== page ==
|Remove those stubborn stains
WITH children running in and out of the car,
your average car interior can be easy prey
for a myriad of stains and odours.
Fabrics are more likely to stain than vinyl or leather. The best
treatment for carpets and fabric is a spray-on fabric guard product. To
protect vinyl and leather, simply use your favourite cleaner and protectant
on a regular basis.
When the inevitable happens, and your three-year-old drops his
mustard-loaded hot dog on your brand-new velour upholstery, stay calm.
Remove as much of the spill as possible by blotting, not wiping, with paper
napkins, paper towels, etc. Don't let the stain sit too long before you get
to work on it. Within a day or two, most spills will set and permanently
stain your upholstery, or become very difficult to remove.
Even without protection, you would be amazed at how easy it is to clean
up most stains with nothing more than a neutral detergent and water. A
neutral detergent has a pH of 7 (on a scale of 0 to 14). Neutral detergents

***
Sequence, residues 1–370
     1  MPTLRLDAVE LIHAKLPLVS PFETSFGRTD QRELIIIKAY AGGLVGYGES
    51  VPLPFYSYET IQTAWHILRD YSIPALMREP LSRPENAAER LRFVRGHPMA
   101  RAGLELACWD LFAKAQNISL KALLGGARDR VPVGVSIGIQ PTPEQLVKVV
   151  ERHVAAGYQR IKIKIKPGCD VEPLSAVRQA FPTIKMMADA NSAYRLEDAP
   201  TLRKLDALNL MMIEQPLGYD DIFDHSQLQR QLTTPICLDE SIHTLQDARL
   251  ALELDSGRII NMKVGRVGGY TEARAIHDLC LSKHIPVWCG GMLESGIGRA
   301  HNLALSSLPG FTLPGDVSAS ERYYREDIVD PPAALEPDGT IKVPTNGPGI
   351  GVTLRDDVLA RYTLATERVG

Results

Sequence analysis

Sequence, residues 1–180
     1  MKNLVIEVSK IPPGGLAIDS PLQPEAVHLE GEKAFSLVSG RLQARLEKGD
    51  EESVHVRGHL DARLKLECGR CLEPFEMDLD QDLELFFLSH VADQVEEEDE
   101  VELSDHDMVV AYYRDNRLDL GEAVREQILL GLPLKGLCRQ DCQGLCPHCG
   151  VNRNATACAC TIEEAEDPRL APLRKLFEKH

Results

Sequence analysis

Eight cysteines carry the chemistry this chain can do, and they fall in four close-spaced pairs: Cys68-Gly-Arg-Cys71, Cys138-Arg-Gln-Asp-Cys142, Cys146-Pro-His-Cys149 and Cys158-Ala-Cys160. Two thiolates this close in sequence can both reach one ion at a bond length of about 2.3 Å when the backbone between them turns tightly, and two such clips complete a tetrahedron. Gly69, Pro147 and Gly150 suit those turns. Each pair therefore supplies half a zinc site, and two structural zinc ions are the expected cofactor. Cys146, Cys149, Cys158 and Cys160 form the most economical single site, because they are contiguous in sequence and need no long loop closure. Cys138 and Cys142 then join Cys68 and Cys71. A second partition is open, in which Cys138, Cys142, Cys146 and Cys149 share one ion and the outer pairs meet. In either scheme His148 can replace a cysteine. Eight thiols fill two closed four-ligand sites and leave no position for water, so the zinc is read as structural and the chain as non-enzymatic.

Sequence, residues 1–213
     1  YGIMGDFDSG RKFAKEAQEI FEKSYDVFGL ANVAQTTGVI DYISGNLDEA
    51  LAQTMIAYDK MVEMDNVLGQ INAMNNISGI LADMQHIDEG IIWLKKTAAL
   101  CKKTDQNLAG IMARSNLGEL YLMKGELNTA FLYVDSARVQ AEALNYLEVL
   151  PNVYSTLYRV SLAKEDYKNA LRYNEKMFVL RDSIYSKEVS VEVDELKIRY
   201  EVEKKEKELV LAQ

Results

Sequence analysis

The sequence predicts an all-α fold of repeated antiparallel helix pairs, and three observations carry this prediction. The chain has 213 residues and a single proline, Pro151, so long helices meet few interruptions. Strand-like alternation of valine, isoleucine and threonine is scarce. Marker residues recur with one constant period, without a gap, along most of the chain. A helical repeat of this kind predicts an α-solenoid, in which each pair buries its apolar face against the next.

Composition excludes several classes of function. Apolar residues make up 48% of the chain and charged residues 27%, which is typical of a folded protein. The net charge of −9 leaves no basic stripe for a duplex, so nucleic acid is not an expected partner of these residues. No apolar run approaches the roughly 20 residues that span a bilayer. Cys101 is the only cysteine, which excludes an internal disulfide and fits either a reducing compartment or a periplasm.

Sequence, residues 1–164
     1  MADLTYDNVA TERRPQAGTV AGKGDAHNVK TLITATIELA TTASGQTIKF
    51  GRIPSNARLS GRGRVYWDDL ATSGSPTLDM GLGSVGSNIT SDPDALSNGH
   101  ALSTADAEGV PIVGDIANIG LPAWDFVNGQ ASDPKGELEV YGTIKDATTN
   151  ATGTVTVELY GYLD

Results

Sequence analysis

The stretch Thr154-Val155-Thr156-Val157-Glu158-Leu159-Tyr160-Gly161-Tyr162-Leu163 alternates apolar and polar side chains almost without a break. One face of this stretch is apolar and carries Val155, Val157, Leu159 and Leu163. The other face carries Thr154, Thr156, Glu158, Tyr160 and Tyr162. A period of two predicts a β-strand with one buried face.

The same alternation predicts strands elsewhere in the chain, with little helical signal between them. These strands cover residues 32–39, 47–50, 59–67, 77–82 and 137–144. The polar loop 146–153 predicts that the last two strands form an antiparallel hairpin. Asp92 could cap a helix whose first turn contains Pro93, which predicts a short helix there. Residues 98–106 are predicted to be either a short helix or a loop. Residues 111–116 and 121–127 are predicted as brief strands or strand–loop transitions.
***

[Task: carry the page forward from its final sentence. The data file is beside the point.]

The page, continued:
will not bleach fabric or re- move fabric protection.
Use a spatula or a putty knife to remove as much of the solid material as
possible. The vacuum can also be a lifesaver by removing large particles of
any substance that would stain if you rubbed it or moved it around. The idea
is to remove as much of the contamination as possible before you begin
wiping or scrubbing.
Next, spray the stain heavily with the detergent, and allow it a minute
or so to work. Don't scrub the stain just yet. Use a towel and blot it up.
Spray the stain again, and use a scrub brush with warm water to scrub the
stain. This should remove the remaining elements of the stain material.